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January 20, 2005

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Bush hasn't actually proposed a plan yet, but the one that gets the most attention is CSSS #2, which includes a proposal that changes initial benefit levels from wage indexing to price indexing. This wouldn't affect anyone who's already retired, but it would very definitely affect seniors who retire over the next ten years. Reid's comment isn't quite as outlandish as you make it out to be.

That's a fair point. Two responses:
-CSSS plan 2 doesn't switch to price indexing until 2011 according to the CBO report. So the first people who would be affected by it if they're retiring at 65 are about 59 now - I wouldn't call them "today's seniors," a phrase that clearly implies people over 65, most of whom are retirees. And people retiring in 2011 or shortly thereafter would only be minimally affected - the change in the benefit formula takes time to bite.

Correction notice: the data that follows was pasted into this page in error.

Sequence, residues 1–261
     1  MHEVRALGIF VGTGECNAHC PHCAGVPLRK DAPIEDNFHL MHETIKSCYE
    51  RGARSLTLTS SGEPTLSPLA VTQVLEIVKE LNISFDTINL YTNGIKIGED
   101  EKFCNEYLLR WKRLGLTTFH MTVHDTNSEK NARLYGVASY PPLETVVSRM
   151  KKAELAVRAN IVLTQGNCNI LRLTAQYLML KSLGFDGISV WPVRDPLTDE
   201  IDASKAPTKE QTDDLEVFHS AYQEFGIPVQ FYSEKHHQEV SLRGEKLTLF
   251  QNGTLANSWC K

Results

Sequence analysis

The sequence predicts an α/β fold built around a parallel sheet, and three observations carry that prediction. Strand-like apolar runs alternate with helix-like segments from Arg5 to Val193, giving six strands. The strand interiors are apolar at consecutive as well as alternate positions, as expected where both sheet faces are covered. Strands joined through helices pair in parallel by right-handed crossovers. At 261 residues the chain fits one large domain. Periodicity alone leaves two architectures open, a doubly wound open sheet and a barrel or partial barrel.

-Also, McAuliffe wrote that Bush is going to "Undermine Social Security for today's seniors and future generations of retirees by privatizing the system." But as many of us have pointed out, privatizing the system is a separate issue from switching to price indexing. Obviously, he's using partisan jargon, but it's still bogus.

PS For those who are interested, the Center on Budget and Policy Priorities has published a more detailed explanation of how benefit calculations would work under the CSSS plan. Apparently, it's more complicated than the shorthand of "price indexing" implies.

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